To the Editor.—
Case reports of dermal fistulas of dental origin have appeared sporadically in the dermatologic literature. The initial article by Anderson1 in 1937 stressed the frequency with which these cutaneous lesions were incorrectly diagnosed by the physicians who initially saw the patients. This has been borne out in subsequent case reports.The purpose of this paper is to describe an unusual clinical presentation and to discuss the differential diagnosis of dermal fistulas of dental origin.
Report of a Case
The patient, an 84-year-old white man, had been confined to a mental institution for nine years. Ten years previously he had suffered cerebral damage secondary to cerebral anoxia from cardiac arrest during prostatic surgery. He was otherwise in good health. He was unable to give a meaningful history.He was referred to the dermatology clinic because of the presence of a tuft of hair growing within the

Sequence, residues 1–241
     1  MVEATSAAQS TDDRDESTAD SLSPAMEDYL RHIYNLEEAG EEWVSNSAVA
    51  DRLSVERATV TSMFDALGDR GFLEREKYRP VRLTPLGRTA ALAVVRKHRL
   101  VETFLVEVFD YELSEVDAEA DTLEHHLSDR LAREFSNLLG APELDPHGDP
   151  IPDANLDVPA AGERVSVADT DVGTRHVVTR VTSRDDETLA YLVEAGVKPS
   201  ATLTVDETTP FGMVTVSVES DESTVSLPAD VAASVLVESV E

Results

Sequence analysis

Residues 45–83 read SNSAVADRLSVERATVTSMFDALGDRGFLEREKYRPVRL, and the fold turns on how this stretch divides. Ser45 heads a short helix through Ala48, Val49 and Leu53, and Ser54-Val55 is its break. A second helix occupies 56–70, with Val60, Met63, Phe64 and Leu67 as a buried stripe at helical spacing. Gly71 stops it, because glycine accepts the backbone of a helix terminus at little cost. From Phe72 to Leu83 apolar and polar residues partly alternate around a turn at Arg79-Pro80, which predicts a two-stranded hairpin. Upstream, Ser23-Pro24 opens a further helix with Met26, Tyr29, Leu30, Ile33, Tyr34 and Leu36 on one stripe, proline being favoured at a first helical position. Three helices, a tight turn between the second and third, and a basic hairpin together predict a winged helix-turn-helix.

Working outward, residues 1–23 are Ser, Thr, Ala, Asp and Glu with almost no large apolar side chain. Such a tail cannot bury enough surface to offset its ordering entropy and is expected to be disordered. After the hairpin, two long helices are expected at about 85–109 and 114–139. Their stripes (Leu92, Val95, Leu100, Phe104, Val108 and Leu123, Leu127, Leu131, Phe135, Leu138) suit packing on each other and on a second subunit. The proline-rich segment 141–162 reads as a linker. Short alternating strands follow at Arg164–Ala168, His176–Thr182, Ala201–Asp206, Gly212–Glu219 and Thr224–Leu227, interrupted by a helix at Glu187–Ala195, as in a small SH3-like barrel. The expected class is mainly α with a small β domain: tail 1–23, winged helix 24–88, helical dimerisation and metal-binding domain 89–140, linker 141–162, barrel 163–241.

Perry TL. Dermal Sinus of Dental Origin. Arch Dermatol. 1972;106(3):420–421. doi:10.1001/archderm.1972.01620120094031
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